Tome is a small, outwardly sleepy hamlet in central New Mexico. In Ana Castillo's hands, however, it stands wondrously revealed as a place teeming with life and with all manner of collisions: the past with the present, the real with the supernatural, the comic with the horrific, the Native American with the Latino and the Anglo, and the women with the men. With her talkative, intimate voice and stylistic narrative freedom, Castillo relates the story of two crowded decades in the life of a Chicano family.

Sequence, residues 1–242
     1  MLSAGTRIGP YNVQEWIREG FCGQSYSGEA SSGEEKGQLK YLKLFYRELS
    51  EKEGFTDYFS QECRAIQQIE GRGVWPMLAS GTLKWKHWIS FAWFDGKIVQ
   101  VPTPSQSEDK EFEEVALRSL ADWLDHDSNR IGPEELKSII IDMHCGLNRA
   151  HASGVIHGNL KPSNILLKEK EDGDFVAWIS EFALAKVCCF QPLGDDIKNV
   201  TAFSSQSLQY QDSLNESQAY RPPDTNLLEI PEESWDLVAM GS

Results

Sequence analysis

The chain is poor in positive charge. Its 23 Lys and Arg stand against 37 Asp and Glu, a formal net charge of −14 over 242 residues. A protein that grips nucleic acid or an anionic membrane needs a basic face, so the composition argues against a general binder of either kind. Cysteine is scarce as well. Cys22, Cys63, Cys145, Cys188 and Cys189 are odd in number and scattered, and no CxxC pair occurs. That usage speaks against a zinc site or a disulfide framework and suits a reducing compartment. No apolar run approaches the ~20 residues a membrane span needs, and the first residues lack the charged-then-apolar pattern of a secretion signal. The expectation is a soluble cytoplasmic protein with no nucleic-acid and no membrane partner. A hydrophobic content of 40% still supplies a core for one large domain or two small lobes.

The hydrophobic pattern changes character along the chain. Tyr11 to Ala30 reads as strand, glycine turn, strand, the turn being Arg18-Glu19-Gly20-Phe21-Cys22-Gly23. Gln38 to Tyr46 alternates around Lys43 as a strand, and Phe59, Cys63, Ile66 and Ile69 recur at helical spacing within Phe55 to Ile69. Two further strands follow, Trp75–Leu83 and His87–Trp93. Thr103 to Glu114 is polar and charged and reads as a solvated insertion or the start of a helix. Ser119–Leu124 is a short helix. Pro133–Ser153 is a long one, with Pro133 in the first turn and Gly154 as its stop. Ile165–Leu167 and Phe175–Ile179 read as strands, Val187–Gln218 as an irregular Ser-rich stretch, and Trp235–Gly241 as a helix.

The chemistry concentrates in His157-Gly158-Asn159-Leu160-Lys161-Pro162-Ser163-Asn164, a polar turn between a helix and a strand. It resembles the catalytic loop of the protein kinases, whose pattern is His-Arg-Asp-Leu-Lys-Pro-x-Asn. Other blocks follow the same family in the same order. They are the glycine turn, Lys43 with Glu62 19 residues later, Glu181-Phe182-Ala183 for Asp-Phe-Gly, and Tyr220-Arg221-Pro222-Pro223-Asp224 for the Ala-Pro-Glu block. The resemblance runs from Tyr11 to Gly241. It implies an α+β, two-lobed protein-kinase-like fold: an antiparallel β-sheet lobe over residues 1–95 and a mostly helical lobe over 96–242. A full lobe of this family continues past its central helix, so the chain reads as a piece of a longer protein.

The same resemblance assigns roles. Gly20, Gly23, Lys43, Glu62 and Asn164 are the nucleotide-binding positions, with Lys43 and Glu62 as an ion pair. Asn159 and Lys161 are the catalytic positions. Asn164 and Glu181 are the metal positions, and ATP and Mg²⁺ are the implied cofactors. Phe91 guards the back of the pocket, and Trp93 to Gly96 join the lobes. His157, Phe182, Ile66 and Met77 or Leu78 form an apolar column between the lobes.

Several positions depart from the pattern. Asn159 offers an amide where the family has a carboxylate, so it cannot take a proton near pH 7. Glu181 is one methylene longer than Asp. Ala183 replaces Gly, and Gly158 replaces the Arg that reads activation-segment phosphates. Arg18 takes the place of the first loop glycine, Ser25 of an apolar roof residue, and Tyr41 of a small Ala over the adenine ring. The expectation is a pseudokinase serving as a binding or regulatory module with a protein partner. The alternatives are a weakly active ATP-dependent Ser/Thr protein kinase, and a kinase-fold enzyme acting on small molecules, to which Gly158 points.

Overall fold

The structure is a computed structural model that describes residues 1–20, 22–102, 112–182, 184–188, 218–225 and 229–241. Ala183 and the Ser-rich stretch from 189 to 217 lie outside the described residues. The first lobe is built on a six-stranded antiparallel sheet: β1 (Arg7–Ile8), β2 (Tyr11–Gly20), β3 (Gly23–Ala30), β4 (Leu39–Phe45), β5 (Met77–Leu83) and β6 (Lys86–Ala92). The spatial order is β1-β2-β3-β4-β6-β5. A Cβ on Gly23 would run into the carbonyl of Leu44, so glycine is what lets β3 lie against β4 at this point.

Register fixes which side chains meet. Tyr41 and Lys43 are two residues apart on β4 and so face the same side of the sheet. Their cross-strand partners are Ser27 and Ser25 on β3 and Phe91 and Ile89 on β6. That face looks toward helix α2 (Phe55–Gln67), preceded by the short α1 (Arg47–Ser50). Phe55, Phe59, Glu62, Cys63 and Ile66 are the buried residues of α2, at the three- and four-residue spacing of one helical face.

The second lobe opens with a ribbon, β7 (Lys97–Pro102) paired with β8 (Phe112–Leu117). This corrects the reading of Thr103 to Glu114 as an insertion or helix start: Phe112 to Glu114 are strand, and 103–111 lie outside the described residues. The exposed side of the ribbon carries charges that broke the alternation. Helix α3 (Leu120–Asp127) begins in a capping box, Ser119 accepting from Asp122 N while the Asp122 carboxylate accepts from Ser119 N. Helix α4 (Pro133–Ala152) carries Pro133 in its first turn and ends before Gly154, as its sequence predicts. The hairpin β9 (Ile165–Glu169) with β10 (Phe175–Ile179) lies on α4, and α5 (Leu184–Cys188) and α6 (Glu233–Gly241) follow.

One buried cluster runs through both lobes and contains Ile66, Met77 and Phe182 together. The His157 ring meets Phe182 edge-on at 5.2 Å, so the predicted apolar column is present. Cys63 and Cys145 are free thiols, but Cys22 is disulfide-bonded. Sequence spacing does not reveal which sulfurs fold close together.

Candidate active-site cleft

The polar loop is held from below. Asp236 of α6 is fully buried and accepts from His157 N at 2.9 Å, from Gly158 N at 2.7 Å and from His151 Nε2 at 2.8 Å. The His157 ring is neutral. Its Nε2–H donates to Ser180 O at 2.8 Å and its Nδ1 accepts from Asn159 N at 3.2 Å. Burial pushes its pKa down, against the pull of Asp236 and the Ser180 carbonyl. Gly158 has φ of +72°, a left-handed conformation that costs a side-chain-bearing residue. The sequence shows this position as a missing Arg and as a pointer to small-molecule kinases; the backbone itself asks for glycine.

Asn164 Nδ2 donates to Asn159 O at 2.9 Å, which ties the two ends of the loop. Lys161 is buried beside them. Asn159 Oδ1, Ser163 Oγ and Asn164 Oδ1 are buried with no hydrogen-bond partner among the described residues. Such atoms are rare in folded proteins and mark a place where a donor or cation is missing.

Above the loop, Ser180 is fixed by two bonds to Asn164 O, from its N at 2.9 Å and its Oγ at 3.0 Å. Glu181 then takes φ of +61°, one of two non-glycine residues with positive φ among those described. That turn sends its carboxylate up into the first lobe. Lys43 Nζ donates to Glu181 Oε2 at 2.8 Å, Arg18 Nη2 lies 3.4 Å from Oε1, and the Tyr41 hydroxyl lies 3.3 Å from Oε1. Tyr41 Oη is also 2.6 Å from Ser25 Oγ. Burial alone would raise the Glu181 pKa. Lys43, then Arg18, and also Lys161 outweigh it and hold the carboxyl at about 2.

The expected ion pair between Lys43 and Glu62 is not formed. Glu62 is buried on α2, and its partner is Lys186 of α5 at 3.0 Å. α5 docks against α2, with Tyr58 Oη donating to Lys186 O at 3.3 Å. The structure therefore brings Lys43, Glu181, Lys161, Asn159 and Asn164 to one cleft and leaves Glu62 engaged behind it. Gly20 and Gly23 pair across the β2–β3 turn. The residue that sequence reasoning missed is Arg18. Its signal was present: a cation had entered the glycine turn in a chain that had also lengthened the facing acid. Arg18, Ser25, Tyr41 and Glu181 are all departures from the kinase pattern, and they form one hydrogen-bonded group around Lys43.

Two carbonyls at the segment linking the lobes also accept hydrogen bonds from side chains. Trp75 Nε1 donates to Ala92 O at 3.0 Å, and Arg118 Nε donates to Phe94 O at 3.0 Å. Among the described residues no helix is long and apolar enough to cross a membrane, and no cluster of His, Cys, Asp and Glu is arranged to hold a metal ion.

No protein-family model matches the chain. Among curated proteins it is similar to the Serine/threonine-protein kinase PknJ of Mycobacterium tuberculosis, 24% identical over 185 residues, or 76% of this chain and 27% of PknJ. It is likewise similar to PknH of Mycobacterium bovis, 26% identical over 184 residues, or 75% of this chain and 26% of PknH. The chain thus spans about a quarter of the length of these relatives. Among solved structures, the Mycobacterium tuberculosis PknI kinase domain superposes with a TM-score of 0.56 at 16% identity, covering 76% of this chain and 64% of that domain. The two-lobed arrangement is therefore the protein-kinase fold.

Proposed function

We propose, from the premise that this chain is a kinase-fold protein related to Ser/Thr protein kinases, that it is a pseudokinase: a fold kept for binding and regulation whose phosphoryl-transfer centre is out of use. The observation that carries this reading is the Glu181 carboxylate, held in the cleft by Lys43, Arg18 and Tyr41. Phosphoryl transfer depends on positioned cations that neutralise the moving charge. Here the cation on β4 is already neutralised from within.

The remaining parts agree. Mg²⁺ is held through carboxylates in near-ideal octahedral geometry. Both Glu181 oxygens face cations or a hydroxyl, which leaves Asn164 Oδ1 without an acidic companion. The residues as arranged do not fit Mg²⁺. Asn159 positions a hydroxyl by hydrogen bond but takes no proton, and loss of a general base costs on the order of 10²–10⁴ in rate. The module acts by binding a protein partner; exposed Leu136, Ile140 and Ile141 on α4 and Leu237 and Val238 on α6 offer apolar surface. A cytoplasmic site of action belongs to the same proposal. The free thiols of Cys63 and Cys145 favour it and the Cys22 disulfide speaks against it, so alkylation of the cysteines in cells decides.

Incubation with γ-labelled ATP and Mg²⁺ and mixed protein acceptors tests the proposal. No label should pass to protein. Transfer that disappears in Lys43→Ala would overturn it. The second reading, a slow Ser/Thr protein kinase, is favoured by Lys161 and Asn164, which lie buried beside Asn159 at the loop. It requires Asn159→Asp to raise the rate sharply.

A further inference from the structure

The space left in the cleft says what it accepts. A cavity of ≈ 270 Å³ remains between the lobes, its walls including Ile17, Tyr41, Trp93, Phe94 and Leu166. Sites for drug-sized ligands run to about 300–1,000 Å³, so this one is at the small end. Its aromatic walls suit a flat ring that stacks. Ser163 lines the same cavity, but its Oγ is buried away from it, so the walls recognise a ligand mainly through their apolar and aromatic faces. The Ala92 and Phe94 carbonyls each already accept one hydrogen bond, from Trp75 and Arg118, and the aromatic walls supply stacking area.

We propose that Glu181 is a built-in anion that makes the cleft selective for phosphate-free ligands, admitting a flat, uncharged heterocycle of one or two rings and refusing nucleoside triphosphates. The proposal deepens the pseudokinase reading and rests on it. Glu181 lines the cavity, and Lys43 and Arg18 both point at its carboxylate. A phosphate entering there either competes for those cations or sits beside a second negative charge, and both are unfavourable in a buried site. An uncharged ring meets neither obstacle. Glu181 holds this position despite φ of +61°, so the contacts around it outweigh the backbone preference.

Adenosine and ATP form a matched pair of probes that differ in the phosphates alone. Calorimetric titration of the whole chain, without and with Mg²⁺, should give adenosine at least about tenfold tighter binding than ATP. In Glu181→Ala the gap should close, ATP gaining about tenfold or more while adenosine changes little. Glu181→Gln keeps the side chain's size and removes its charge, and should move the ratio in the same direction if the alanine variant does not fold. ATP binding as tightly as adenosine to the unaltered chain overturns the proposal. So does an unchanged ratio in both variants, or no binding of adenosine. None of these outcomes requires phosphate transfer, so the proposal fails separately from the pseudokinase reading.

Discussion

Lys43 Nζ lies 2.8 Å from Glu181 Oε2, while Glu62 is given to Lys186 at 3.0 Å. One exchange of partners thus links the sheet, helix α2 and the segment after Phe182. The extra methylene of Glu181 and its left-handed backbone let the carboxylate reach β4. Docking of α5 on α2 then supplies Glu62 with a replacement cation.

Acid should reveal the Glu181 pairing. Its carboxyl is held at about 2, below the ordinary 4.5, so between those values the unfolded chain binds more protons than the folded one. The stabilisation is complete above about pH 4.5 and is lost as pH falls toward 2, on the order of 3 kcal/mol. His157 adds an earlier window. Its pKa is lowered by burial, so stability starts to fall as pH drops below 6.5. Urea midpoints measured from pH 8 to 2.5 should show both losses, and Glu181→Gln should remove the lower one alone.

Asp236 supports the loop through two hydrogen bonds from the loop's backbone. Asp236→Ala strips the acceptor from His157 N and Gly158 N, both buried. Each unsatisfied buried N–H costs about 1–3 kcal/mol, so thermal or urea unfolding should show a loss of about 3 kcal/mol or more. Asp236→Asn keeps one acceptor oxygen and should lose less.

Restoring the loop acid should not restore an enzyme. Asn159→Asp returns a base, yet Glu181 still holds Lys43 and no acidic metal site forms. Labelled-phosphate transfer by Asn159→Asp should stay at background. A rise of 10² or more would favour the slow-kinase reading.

"Engaging . . . the author tells an important story and she tells it with inventiveness and verve."--Washington Post Book World
Offerings in fiction represent a fine mix, from titles already published here in English (the works by Alvarez, Bencastro, Escand n, and Ferr ) to works due in English this fall (Allende's first fiction in many years) to Fuentes's latest, a recapitulation of 20th-century Mexico centered on the passionate and provocative Laura Diaz. Arte P blico continues its fine effort to restore lost Hispanic classics, written in what is now the United States from the colonial era until today, with a tale by Venegas dating from 1928. Copyright 1999 Cahners Business Information.